Email Marketing metrics can be easily tracked

Tracking metrics for email campaigns is both straightforward and very revealing of audience behavior. Nearly every email marketing tool measures open rate, bounce rate, CTR, clicks, and unsubscribes. These metrics can easily be studied and compared to show you what types of headlines are getting more attention, what topics are being most clicked on and how many users are following the automated journey into your website.

So, are you ready to try it out? Read more on our demand generation tactics here.

Staying Competitive in the Experience Economy

Experience Economy 101

Before getting into the nitty-gritty of competing in the experience economy, let's take a quick history lesson. Since the dawn of man, the economy has existed in one form or another. The first time a caveman exchanged a sharpened rock for a mammoth steak, trade was born. When we discovered food could be grown and harvested the agrarian economy was born and dominated civilization until the mass technological shift of the industrial revolution birthed the industrial economy. Two world wars and a Cold one after that resulted in stark structural changes in global economics. In the late '90s, the internet began its conquest of our personal and business lives and it changed just about everything. The way we interact and respond to our world evolved and ushered in our latest economic era: the Experience Economy.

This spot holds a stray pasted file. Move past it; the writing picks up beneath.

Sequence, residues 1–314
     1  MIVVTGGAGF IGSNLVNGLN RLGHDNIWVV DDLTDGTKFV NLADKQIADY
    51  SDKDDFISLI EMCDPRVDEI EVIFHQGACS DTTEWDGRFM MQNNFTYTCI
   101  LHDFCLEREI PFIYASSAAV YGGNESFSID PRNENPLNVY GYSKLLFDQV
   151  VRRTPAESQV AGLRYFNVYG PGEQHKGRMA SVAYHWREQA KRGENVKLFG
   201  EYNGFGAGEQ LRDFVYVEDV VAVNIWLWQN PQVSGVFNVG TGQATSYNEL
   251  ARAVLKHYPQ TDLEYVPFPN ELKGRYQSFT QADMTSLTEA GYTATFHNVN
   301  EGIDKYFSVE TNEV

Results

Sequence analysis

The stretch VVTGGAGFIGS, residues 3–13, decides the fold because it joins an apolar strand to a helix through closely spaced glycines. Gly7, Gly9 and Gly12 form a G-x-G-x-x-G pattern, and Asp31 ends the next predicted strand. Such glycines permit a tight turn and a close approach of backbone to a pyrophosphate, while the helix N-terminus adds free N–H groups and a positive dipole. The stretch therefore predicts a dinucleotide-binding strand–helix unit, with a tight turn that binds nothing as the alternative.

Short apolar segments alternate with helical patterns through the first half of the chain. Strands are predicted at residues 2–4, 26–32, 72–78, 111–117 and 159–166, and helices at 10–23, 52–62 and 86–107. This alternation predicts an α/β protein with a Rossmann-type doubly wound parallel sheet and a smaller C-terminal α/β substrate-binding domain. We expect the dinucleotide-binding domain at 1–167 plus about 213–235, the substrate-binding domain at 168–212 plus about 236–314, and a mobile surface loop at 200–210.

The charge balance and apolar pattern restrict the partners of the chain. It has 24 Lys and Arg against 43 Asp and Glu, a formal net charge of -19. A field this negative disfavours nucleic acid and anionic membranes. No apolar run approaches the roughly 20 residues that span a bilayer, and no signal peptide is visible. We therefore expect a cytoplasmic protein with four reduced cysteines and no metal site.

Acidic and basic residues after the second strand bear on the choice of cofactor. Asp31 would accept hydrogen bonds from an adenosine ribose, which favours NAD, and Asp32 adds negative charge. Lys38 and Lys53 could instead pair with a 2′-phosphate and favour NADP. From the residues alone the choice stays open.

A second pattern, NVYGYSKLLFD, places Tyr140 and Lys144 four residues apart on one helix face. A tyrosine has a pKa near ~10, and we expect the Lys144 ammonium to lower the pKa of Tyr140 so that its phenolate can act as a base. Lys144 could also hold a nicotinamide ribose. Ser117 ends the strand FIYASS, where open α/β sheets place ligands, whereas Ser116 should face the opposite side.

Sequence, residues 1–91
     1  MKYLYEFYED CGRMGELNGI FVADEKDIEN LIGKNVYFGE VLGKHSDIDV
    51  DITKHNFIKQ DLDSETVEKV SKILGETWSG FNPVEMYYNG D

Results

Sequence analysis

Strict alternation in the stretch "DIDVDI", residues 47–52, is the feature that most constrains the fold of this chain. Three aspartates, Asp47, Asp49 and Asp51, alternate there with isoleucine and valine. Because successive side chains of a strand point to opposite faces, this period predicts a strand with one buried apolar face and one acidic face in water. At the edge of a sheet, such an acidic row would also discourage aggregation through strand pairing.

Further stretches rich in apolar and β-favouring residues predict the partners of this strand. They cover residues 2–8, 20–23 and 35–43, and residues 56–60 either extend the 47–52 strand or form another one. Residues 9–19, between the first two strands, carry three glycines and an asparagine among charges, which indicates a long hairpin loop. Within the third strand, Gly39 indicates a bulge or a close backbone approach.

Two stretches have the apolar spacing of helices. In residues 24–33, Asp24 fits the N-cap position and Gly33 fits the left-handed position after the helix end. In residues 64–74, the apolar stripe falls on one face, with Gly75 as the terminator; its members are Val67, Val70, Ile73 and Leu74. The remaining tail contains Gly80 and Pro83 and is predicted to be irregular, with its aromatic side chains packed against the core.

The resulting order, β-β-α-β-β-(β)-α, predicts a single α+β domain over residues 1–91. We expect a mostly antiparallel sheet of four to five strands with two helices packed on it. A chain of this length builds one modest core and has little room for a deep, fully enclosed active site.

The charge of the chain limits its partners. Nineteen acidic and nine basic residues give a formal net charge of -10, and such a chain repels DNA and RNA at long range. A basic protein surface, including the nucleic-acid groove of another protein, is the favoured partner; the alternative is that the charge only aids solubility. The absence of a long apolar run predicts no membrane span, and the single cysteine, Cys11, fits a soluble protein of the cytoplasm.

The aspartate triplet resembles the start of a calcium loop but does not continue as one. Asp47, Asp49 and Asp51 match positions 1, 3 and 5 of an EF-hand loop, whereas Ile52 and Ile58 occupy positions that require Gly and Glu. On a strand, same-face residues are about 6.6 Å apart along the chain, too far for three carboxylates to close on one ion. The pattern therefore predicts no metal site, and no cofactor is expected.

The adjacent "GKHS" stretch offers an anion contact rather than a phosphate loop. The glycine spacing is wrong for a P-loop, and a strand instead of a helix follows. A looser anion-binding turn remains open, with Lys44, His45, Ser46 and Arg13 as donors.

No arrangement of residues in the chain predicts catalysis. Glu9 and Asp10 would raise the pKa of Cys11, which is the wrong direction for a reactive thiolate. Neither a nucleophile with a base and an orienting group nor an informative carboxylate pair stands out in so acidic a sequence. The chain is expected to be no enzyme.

The term was first described in a 1998 Harvard Business Review article, the author made note of experiences being a distinct economic offering "as different from services as services are from goods". Experiences exist as the most differentiated offering in today's economy; they go beyond price and quality and give the consumer an emotional reason to engage with their brand, product, or service. The modern consumer expects a fair price, excellent quality, and flawless customer service as minimum requirements to even consider a brand and bases their decision to purchase on an emotional response. In the experience economy, you are marketing feelings over the service or product.

Experience and the Purchase Cycle